The Commission is to prepare a strategy statement not later than 6 months. This statement will cover the period from its preparation to the third anniversary of the Commission’s establishment. The Commission is to outline its progress on implementation of the applicable strategy statement in each annual report. The Act provides for the preparation and publication of succeeding strategy statements, each of which shall cover consecutive three-year periods.
The functions of the Commission,
The Electoral Reform Act 2022 transfers the functions of Referendum Commissions to the Commission. This entails the repeal of the Referendum Act and the restatement of the appropriate legislative provisions, amended to take account of their new organisational context.
The Commission’s functions are the preparation of statements explaining the subject matter of the proposal for referendums, the publication and distribution of these statements, and the promotion of public awareness of referendums and the encouragement of the public to vote at referendums.
Members of the Commission or its members are prohibited from advocating for or promoting a particular result at a referendum. The Commission has some free advertising on radio and television and exempts the Commission from the general prohibition on adverts which are directed towards a religious or political end, where such adverts are placed by the Commission relating to a referendum.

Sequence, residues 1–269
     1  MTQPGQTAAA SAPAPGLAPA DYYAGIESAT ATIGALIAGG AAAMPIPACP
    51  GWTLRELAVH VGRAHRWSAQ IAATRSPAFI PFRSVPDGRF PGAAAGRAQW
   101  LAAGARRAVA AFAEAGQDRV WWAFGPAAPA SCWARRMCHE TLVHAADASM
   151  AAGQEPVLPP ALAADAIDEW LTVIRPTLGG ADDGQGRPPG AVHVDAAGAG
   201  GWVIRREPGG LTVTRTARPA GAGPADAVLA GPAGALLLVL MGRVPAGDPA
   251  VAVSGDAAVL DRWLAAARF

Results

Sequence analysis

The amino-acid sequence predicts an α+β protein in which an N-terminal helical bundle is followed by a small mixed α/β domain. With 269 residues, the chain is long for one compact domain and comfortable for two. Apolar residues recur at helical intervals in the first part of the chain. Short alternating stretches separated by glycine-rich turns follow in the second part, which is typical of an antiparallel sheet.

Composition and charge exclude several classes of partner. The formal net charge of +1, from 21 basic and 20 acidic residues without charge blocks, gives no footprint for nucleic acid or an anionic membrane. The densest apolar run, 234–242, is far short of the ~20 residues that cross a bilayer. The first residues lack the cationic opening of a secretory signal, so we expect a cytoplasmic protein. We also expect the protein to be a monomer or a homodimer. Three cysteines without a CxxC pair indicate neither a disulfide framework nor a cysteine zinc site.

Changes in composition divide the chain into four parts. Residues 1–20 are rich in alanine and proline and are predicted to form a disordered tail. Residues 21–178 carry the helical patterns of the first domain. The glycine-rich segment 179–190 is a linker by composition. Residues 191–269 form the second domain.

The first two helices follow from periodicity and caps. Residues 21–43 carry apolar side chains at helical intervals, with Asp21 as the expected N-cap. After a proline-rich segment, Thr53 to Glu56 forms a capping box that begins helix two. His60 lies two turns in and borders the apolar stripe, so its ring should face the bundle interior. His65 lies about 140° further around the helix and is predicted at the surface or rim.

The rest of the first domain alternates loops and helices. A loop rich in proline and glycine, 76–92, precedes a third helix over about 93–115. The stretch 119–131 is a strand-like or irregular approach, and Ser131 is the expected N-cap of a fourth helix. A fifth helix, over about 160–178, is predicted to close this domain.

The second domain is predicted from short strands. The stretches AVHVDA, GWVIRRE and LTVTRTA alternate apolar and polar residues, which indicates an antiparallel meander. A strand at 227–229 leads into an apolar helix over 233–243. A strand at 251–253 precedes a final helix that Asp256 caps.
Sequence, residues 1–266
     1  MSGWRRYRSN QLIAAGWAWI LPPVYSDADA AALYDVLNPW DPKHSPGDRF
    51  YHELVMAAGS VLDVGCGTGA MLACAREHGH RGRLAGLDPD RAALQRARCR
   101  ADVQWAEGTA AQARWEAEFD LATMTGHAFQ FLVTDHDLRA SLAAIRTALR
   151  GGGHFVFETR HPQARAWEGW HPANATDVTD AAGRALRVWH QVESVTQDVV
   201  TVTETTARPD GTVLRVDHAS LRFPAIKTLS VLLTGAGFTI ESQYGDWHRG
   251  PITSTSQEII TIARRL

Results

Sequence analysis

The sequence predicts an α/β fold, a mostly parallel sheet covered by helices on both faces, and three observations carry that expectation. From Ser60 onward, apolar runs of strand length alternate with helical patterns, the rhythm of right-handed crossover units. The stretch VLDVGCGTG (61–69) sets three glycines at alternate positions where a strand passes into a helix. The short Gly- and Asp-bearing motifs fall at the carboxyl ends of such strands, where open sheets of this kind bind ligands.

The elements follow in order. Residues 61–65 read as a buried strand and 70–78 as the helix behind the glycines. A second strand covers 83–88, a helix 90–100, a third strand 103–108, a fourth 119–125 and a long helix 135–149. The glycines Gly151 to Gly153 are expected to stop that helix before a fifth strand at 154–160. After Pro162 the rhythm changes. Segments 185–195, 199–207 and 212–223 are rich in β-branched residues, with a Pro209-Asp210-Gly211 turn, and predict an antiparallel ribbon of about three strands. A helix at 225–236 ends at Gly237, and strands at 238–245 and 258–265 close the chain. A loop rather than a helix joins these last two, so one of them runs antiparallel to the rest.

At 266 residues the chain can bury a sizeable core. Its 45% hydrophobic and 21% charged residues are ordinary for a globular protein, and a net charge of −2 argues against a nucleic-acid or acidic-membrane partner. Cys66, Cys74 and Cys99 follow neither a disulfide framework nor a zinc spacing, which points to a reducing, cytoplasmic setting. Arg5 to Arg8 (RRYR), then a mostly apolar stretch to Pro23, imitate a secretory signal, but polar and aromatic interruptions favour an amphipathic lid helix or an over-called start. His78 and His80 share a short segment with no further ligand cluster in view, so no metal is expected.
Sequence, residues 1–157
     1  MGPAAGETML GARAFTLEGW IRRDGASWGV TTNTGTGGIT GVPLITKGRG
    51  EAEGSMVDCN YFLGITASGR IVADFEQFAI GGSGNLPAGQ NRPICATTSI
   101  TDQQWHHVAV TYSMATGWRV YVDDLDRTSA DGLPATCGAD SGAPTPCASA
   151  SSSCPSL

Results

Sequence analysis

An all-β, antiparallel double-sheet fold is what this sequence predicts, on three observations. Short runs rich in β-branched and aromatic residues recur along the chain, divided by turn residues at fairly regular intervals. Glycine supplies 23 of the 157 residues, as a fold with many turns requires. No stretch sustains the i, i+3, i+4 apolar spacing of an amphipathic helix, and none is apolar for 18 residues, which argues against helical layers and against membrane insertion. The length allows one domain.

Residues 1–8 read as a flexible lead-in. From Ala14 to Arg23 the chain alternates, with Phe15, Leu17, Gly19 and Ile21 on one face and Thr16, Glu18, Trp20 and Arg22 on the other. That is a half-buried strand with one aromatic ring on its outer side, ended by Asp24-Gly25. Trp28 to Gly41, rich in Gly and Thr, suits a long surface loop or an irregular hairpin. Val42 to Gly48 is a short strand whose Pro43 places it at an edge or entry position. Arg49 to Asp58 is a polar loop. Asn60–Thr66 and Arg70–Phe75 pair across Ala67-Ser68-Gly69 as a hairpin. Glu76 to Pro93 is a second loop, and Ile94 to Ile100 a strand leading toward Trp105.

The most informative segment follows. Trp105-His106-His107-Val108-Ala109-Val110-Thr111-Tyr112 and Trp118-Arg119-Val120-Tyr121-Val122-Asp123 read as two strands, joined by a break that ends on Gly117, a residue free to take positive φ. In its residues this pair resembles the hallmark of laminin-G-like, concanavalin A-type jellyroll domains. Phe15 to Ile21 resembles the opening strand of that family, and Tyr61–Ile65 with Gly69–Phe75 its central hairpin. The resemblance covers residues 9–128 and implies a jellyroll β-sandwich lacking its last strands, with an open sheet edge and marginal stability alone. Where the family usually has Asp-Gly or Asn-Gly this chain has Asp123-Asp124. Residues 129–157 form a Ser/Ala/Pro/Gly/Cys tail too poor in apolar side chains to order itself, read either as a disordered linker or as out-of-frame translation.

The Commission may declare bodies as ‘approved bodies’ in respect of particular referendums, Approved bodies may have representatives present:
- when postal ballot papers are being sent out and opened,
- at polling stations, and
- at the counting of the vote.
Referendum notices are to be published once the holding of a referendum is in train. The Commission has the power to request such supporting documentation as may be required from a body seeking designation as an approved body in order for the Commission to rule on the application.
Approved bodies may appoint agents in a similar manner as applies to members of Dáil Éireann and Seanad Éireann under the Referendum Act 1994, and as applies in respect of personation agents at General Elections.
The 2022 Act amends the Referendum Act 1994 in respect of the grounds for referendum petitions, which can be brought to the High Court questioning the validity of results. The amendments replace references to Referendum Commissions with references to the Commission. The Commission is to report to the Houses of the Oireachtas on the performance of its functions in respect of each referendum under this Act within six months of the polling day.
Electoral Reform Act 2022 provides for the transfer of responsibility and functions relating to the oversight and maintenance of the Register of Political Parties from the Houses of the Oireachtas to the Commission.
The role of ‘Registrar of Political Parties’ is assigned to the chief executive of the Commission. The Registrar is independent in the performance of his or her duties.